Abstract: Carbohydrate-responsive element-binding protein (ChREBP) is a new transcription factor that binds to the carbohydrate-responsive element of the l-type pyruvate kinase gene (l-PK). The aim of this study was to investigate the mechanism by which feeding high fat diets results in decreased activity of ChREBP in the liver (Yamashita, H., Takenoshita, M., Sakurai, M., Bruick, R. K., Henzel, W. J., Shillinglaw, W., Arnot, D., and Uyeda, K. (2001) Proc. Natl. Acad. Sci. U. S. A. 98, 9116–9121). We cloned the rat liver ChREBP gene for use throughout this study. Acetate, octanoate, and palmitate inhibited the glucose-induced activation of l-PK transcription in ChREBP-overexpressed hepatocytes. In these hepatocytes, the cytosolic AMP concentration increased 30-fold and AMP-activated protein kinase activity was activated 2-fold. Similarly to the fatty acids, 5-amino-4-imidazolecarboxamide ribotide, a specific activator of AMP-activated protein kinase (AMPK) also inhibited the l-PK transcription activity in ChREBP-overexpressed hepatocytes. Using as a substrate a truncated ChREBP consisting of the C-terminal region, we demonstrated that phosphorylation by AMPK resulted in inactivation of the DNA binding activity. AMPK specifically phosphorylated Ser568 of ChREBP. A S568A mutant of the ChREBP gene showed tight DNA binding and lost its fatty acid sensitivity, whereas a S568D mutant showed weak DNA binding and inhibited l-PK transcription activity even in the absence of fatty acid. These results strongly suggested that the fatty acid inhibition of glucose-induced l-PK transcription resulted from AMPK phosphorylation of ChREBP at Ser568, which inactivated the DNA binding activity. AMPK was activated by the increased AMP that was generated by the fatty acid activation.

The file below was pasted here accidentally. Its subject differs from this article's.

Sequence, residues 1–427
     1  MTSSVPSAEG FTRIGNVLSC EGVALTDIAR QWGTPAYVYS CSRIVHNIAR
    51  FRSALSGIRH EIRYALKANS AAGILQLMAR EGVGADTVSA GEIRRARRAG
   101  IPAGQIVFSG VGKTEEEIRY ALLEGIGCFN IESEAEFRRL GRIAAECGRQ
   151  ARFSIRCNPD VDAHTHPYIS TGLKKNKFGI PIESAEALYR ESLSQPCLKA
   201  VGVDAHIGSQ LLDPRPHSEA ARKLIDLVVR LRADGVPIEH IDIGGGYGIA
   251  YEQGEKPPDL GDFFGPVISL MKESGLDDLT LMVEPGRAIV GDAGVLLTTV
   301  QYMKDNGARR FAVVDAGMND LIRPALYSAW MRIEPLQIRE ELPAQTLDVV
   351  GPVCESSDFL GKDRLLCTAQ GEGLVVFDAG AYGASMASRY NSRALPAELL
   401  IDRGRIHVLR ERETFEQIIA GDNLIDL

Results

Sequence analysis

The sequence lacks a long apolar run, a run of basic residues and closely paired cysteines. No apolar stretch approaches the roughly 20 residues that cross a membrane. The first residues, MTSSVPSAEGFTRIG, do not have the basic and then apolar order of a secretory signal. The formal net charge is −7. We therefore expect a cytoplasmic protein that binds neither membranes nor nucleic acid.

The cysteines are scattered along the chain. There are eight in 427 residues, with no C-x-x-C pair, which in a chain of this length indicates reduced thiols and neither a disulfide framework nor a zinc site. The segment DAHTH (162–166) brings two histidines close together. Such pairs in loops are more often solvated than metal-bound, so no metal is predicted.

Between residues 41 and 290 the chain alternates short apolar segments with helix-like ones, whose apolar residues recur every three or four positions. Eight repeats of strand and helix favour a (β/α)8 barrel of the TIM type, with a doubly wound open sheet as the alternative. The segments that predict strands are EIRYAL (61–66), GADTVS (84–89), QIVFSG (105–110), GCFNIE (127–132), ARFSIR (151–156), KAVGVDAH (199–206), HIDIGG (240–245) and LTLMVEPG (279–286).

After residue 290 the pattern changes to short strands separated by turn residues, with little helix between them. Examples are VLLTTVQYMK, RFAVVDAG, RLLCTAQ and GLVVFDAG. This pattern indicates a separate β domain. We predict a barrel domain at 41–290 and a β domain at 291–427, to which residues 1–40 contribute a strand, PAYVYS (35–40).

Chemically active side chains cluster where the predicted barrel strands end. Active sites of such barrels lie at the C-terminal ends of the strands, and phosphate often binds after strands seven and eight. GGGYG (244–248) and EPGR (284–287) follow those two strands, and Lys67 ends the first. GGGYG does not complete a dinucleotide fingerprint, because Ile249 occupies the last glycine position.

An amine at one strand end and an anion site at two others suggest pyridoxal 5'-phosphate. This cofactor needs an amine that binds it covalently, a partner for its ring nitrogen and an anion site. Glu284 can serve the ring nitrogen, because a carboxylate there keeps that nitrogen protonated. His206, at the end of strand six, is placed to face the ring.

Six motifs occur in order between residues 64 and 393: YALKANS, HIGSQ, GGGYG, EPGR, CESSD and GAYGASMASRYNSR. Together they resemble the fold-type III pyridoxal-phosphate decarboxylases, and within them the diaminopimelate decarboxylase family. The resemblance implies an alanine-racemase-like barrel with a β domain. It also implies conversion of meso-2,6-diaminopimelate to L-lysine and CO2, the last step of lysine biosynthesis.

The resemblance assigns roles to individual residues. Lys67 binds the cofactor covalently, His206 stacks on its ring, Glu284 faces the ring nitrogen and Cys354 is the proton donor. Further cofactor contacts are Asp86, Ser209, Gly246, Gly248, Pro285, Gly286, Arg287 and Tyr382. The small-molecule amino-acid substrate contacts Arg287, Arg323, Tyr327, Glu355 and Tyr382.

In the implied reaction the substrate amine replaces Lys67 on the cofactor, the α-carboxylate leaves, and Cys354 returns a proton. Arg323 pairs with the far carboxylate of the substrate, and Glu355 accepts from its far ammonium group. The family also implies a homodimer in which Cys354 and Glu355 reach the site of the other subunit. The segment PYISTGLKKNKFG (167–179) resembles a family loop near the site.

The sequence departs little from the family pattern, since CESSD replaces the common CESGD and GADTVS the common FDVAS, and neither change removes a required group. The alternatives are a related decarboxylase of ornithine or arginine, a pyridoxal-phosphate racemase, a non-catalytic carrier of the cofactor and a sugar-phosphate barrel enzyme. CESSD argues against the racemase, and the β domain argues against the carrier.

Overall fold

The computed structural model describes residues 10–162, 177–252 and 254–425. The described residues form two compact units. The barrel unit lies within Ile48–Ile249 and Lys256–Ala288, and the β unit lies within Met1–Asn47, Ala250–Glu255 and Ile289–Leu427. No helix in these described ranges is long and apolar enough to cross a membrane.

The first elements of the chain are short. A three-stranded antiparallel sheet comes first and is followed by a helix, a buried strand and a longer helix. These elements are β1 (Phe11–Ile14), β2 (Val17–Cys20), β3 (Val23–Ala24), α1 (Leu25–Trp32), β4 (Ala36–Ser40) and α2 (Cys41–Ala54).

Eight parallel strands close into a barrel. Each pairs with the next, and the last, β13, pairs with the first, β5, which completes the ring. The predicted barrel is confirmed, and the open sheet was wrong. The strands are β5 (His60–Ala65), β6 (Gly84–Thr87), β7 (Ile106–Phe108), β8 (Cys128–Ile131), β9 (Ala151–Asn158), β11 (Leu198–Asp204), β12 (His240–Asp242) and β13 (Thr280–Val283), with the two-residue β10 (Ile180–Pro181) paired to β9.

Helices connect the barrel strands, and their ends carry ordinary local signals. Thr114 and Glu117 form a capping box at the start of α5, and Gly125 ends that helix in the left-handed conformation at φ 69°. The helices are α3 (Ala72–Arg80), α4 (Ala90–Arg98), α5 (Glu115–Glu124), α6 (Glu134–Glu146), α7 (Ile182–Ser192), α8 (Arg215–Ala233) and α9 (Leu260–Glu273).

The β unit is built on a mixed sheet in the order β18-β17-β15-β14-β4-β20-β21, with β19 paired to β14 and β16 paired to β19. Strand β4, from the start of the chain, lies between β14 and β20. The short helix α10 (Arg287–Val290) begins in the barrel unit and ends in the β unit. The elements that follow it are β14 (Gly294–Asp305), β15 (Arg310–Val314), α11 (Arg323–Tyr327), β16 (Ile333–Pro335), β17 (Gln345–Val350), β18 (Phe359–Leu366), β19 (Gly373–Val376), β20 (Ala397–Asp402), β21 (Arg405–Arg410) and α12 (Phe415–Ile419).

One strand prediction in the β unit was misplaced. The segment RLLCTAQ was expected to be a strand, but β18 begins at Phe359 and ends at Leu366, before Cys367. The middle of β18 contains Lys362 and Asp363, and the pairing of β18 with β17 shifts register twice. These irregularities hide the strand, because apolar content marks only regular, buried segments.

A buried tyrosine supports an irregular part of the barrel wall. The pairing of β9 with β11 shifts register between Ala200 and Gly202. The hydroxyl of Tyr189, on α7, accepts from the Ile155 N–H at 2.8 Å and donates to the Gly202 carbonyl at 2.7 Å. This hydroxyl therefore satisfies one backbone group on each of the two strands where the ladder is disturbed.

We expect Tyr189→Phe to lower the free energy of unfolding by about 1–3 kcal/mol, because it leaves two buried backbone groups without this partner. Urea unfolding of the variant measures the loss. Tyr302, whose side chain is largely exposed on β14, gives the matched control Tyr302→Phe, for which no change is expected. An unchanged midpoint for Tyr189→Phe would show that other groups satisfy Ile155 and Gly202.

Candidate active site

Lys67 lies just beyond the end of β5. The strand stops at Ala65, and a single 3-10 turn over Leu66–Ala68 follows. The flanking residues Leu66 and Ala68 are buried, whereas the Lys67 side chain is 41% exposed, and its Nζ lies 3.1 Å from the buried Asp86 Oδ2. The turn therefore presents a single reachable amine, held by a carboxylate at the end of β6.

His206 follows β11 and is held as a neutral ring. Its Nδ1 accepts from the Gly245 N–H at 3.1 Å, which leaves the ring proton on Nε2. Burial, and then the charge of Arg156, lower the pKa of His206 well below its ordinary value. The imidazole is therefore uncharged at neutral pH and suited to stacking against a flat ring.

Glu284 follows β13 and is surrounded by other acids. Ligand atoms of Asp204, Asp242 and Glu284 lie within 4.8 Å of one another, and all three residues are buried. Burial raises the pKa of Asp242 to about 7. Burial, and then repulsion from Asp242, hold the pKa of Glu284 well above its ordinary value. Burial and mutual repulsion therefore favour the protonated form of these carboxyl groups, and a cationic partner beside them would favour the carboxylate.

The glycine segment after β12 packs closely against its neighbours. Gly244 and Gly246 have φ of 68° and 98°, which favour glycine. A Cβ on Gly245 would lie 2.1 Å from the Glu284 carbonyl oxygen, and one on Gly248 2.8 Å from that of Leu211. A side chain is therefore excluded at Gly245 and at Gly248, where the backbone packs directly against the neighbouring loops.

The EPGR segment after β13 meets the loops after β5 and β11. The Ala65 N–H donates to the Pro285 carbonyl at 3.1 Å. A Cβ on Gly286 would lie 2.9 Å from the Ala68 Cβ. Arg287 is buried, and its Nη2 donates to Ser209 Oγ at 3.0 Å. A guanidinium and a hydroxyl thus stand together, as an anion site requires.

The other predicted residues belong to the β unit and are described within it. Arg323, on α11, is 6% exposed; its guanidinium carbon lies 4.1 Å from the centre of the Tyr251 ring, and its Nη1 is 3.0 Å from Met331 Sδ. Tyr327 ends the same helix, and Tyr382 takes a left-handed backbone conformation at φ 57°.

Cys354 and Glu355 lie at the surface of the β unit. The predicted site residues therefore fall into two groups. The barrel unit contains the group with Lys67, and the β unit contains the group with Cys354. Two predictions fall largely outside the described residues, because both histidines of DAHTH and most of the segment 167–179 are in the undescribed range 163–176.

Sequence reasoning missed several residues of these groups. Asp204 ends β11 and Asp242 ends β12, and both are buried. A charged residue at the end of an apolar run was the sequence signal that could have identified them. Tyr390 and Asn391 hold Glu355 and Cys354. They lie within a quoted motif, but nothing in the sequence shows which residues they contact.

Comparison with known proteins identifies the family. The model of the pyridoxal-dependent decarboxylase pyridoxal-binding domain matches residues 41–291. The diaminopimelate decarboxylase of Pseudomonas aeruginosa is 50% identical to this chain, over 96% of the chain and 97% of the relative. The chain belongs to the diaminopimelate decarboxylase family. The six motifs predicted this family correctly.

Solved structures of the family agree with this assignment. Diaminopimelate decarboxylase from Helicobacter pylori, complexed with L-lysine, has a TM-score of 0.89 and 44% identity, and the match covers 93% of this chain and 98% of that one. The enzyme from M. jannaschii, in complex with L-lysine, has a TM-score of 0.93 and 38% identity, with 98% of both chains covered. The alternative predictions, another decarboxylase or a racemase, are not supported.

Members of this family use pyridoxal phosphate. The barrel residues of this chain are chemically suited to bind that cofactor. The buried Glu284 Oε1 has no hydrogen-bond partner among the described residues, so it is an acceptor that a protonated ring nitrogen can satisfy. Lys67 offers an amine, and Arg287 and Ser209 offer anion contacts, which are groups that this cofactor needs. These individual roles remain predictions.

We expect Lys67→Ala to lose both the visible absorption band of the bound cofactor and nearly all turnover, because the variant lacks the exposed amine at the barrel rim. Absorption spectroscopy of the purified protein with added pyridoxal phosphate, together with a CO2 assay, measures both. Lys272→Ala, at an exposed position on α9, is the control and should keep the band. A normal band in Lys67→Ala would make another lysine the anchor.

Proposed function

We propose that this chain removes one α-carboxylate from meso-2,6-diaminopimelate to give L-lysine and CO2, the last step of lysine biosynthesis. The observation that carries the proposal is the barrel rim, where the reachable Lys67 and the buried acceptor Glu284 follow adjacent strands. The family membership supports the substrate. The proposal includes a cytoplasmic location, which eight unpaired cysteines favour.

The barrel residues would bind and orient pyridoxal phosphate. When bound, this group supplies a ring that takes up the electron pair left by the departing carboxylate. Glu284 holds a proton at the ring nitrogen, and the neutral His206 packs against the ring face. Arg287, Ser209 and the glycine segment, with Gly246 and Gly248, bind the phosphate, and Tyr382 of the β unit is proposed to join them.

TL;DR: DDAH I overexpression increases NOS activity in vitro and in vivo and provides compelling evidence that the elaboration and metabolism of endogenous ADMA plays an important role in regulation of NOSActivity.
Abstract: Background— NO is a major regulator of cardiovascular physiology that reduces vascular and cardiac contractility. Accumulating evidence indicates that endogenous inhibitors may regulate NOS. The NO...